• union is the keyword used to define a union.
  • union_name is the name of the union.
  • member1, member2, etc., are variables of different data types that share the same memory location.


Let’s define a union to represent either an integer or a float:

union Number {
    int intValue;
    float floatValue;

In this union:

  • intValue is of type int.
  • floatValue is of type float.
  • Both share the same memory location, and only one of them can be active at any given time.

Accessing Union Members:

You can access union members in the same way you would access structure members, using the dot ( . ) operator. However, it’s important to note that only one member should be accessed at a time.

union Number num;
num.intValue = 10; // Assigning an integer value
printf("Integer value: %d\n", num.intValue);

num.floatValue = 3.14; // Assigning a float value
printf("Float value: %f\n", num.floatValue);

Size of Union:

A union’s size is determined by the size of its largest member. This is because the union reserves enough memory to accommodate the largest data type it can hold.

Use Cases:

Unions are useful in scenarios where you need to represent different types of data using the same memory space. Some common use cases include:

  1. Representing variant data types, such as in parsers or data serialization.
  2. Efficiently managing memory when a data structure can hold different types of data at different times.
  3. Implementing type punning, where you interpret the bits of one type as another type.

Benefits and Considerations:

  • Memory Efficiency: Unions can be memory-efficient since they share memory space among their members.
  • Flexibility: They provide flexibility in representing different types of data without the need for separate variables.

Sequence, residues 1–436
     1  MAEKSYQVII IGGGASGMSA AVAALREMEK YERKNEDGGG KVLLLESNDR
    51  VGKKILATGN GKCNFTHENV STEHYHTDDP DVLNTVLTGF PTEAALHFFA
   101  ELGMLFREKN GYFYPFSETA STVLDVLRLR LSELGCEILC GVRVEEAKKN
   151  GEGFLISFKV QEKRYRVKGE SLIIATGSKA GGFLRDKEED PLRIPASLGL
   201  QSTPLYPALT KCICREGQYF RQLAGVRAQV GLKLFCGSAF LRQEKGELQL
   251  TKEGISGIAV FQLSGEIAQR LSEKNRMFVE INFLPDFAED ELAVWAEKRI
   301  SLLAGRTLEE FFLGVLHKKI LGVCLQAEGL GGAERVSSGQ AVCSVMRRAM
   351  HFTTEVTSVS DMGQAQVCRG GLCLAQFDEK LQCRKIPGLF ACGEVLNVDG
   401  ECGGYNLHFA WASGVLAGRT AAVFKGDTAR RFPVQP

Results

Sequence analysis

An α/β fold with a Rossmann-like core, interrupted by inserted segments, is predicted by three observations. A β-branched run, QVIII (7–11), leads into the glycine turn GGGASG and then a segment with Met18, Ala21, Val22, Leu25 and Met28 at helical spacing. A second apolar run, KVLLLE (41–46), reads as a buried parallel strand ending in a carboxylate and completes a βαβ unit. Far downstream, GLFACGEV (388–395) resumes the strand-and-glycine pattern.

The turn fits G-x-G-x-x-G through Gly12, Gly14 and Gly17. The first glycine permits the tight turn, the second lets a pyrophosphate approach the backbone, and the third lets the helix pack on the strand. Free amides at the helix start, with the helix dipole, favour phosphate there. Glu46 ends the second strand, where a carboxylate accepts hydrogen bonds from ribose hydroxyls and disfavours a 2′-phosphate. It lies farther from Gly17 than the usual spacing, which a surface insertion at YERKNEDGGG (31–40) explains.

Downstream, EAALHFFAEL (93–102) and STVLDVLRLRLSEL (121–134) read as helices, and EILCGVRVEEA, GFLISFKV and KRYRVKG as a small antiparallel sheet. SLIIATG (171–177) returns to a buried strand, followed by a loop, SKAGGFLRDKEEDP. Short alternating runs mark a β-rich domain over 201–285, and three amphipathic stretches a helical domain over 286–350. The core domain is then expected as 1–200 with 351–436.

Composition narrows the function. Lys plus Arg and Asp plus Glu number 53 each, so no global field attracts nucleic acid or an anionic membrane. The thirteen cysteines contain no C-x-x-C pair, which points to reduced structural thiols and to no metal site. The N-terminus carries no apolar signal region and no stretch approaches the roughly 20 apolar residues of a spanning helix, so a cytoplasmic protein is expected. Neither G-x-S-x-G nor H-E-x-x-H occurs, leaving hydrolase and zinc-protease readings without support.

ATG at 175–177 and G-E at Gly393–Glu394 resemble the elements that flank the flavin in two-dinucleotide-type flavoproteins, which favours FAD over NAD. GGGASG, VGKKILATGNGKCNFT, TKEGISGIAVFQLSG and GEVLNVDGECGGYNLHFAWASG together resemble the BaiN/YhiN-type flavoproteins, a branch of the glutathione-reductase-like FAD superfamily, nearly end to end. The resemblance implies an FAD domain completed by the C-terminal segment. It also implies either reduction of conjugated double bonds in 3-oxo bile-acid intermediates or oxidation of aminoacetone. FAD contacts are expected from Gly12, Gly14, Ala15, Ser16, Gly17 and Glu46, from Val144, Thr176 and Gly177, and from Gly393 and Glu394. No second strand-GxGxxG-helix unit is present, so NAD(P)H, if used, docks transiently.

• Careful Usage: However, care must be taken when accessing union members to ensure that the correct member is being accessed at any given time. Improper usage can lead to undefined behavior and bugs.

Differences between Structure and Union in C:

Memory Allocation

  • Structures allocate memory separately for each member, resulting in memory allocation equal to the sum of the sizes of all members.
  • Unions allocate memory that is large enough to hold the largest member.

Accessing Members:

  • In structures, each member retains its own memory location, and you can access members independently using the dot (.) operator.
  • In unions, all members share the same memory location, and changing the value of one member affects the others.


  • Structures are typically used when you want to group related data elements together.
  • Unions are useful when you need to store different types of data in the same memory location, and only one member needs to be active at a time.

Example Usage:

#include <stdio.h>

struct Rectangle {
    int length;
    int width;

union Value {
    int intValue;
    float floatValue;

int main() {
    struct Rectangle rect;
    rect.length = 10;
    rect.width = 5;

    printf("Rectangle: length = %d, width = %d\n", rect.length, rect.width);

    union Value val;
    val.intValue = 10;
    printf("Integer value: %d\n", val.intValue);

    val.floatValue = 3.14;
    printf("Float value: %f\n", val.floatValue);

    return 0;

In this example, we define a structure Rectangle to represent a rectangle’s dimensions and a union Value to store either an integer or a float value. We demonstrate how to declare variables of these types and access their members.


In summary, structures and unions are fundamental constructs in C that allow for flexible organization and manipulation of data. Understanding their differences and appropriate usage can greatly enhance your programming capabilities.